Today I am featuring the book The Brothers of Auschwitz by Malka Adler on the Blog Tour hosted by TLC Book Tours. I am sharing my review of the book, so be sure to read on. This post contains affiliate links, so if you use them and make a purchase, I may receive a small commission.
About The Book:
An extraordinary novel of hope and heartbreak, this is a story about a family separated by the Holocaust and their harrowing journey back to each other.
There was a good orchestra at Auschwitz. I could immediately hear it was good. I almost wept for the beauty of it, but the large pile of striped pajamas stayed in my mind, and I didn’t cry…
Dov and Yitzhak live in a small village in the mountains of Hungary, isolated both from the world and from the horrors of the war.
But one day in 1944, everything changes. The Nazis storm the homes of the Jewish villagers and inform them they have one hour. One hour before the train will take them to Auschwitz.
Six decades later, from the safety of their living rooms at home in Israel, the brothers finally break their silence to a friend who will never let their stories be forgotten.
Narrated in a poetic style reminiscent of Margaret Atwood, Malka Adler has penned a visceral yet essential read for those who have found strength, solace and above all, hope, in books like The Choice by Edith Eger and The Librarian of Auschwitz by Antonio Iturbe.
I have a lot of thoughts on this book. And questions. First of all, being that Dov and Yitzhak are real people that the author knows and interviewed, I’m not sure why the book is considered fiction. What is fiction about it and what is real? Secondly, I wonder why this writing style was chosen. The narrative is long and repetitive, a basic stream of consciousness told as if the brothers are talking about their experiences. Towards the end of the book, they brothers are reunited with another family member and we start over, telling her story from the beginning. This may be a worthwhile way for Holocaust survivors to share their stories, but I’m not sure it makes for a great novel. Finally, I wonder when a historical account goes from something you can learn from and veers into trauma porn territory. It got to be a bit much for me.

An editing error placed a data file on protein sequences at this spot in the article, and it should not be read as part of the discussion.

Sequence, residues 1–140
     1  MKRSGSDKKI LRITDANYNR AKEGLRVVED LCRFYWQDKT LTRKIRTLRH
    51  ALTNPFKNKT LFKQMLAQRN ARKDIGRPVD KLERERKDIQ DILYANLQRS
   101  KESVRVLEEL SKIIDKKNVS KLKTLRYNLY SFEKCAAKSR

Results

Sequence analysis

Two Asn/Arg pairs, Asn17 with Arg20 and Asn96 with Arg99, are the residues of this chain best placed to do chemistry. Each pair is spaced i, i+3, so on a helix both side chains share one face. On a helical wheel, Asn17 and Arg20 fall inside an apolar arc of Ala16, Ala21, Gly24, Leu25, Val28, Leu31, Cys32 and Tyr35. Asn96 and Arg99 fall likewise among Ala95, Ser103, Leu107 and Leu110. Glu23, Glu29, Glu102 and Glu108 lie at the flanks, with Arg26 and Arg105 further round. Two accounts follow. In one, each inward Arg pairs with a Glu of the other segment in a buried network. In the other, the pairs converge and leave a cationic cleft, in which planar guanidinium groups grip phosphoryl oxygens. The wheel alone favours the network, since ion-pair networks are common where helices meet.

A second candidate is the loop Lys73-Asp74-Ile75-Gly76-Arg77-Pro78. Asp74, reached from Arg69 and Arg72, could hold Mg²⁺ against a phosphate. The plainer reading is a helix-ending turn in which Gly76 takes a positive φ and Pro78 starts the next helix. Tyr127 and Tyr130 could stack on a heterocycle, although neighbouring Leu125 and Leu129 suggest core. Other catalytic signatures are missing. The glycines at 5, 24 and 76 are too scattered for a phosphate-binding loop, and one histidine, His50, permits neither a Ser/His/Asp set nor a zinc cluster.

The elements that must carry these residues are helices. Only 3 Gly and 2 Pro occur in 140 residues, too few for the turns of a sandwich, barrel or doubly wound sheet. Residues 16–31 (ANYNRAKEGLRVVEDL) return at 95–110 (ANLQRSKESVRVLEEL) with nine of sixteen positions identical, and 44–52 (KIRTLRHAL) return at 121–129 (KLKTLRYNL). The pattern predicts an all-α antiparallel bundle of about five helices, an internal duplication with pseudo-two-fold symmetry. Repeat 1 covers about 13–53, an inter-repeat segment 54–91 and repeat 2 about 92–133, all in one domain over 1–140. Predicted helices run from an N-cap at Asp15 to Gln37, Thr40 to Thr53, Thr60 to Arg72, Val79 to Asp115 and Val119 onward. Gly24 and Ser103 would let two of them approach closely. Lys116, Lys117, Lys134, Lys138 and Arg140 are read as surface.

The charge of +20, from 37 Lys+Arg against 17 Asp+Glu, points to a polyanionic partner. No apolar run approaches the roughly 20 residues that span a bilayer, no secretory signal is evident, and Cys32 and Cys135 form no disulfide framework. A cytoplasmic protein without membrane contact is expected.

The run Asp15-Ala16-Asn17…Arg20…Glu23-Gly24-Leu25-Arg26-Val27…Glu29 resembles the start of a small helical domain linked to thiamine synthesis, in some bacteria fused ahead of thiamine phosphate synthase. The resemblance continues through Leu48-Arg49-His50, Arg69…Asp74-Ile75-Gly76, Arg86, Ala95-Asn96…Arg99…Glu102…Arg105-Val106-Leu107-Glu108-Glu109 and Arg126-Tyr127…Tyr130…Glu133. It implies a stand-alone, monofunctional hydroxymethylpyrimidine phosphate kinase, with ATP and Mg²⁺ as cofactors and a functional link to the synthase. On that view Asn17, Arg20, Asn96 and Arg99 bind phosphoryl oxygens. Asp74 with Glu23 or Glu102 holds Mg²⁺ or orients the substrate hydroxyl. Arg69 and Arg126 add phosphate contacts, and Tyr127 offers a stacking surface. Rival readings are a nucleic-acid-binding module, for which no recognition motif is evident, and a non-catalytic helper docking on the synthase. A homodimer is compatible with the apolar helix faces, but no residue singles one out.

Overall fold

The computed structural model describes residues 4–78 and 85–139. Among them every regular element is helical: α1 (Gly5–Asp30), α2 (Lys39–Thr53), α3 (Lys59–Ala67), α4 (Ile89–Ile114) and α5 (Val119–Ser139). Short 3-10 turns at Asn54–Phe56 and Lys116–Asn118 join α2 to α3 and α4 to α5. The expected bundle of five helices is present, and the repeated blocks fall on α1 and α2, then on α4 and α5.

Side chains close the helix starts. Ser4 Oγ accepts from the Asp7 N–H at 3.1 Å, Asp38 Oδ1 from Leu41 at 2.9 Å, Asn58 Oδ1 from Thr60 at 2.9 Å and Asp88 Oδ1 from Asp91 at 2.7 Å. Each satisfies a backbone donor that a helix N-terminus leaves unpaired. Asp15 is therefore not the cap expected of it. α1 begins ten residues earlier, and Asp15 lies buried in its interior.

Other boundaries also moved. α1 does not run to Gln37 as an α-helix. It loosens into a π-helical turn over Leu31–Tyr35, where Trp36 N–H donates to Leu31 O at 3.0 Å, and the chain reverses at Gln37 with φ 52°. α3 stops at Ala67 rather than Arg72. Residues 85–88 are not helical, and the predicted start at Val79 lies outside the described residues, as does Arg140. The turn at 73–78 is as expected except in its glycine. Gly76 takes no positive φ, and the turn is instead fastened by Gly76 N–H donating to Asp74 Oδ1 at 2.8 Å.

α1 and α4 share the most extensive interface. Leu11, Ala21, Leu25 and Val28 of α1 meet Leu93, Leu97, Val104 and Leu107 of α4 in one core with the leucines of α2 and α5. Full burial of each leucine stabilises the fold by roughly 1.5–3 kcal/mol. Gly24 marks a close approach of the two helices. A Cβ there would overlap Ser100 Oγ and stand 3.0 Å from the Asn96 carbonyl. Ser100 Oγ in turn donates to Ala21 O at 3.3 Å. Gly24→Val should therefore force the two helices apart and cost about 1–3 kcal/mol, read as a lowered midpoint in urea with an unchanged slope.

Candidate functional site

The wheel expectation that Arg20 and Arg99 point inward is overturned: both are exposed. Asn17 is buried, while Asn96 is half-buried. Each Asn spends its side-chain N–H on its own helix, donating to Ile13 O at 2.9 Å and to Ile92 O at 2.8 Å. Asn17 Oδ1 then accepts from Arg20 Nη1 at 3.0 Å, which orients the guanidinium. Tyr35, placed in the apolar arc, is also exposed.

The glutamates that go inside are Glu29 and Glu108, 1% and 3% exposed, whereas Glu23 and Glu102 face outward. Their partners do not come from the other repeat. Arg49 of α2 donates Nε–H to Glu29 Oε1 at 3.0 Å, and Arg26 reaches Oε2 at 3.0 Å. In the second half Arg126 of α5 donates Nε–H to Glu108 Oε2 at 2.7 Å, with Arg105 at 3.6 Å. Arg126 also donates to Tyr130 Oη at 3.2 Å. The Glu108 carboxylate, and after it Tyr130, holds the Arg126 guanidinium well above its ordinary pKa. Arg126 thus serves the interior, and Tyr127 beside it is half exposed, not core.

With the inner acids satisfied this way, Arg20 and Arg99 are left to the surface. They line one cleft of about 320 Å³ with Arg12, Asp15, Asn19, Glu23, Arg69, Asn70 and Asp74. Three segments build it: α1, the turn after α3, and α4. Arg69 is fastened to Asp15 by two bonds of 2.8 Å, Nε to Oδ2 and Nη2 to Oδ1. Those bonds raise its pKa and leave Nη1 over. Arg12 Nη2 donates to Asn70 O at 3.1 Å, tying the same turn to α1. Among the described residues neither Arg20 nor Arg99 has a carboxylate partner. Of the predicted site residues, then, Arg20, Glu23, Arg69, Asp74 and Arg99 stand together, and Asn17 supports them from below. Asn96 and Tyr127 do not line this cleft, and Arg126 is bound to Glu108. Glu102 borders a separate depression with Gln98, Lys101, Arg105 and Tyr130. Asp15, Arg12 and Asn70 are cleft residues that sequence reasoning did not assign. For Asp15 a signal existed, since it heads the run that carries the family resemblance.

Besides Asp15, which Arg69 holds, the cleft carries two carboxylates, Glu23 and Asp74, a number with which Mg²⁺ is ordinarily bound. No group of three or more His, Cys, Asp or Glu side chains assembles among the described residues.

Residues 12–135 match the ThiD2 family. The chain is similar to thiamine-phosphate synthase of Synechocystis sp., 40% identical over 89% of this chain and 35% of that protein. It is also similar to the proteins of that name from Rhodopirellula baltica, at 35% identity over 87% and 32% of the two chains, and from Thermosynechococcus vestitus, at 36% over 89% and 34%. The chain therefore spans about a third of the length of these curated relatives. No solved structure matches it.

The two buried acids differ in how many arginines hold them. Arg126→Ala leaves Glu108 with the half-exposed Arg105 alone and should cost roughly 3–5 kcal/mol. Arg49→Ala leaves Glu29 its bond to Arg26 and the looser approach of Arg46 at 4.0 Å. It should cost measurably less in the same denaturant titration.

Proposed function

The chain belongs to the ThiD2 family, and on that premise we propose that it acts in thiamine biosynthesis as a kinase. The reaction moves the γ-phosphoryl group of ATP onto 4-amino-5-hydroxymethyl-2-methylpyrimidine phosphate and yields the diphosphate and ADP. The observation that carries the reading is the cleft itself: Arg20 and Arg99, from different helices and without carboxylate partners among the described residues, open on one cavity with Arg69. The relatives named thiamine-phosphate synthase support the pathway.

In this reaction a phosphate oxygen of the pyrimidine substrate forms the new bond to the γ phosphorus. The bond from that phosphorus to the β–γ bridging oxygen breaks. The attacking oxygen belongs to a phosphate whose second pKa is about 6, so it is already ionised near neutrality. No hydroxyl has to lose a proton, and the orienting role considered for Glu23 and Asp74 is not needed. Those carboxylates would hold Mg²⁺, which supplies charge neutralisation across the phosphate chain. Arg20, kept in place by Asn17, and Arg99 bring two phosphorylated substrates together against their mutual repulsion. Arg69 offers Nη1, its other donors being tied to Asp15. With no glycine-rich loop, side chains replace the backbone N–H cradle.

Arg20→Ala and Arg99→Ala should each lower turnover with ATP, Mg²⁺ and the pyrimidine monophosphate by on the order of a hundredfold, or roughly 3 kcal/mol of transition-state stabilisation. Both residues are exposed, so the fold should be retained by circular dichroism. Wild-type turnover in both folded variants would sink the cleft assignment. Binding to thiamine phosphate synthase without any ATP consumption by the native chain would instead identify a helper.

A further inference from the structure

My last question has to do with the title. Why are they considered the brothers of Auschwitz? The majority of the book doesn’t even take place in Auschwitz. What the book does a good job of covering is the trauma the survivors had to cope with after the end of the war. They were teenagers when they were imprisoned and children when they were freed. They had to learn to live life again, and the brothers did so in Israel. I thought that the book made a statement as to why the Jewish people needed a homeland and how being surrounded by others Jews they didn’t need to be afraid of was so important for their recovery. However, I also thought there could have been more tie in to current events in Israel.
While this might be a moving account of what happened to Dov and Yitzhak, I cannot say it’s the one of the best Holocaust novels or call it a must read as it is written.
What is the best book you’ve read about the Holocaust or World War II?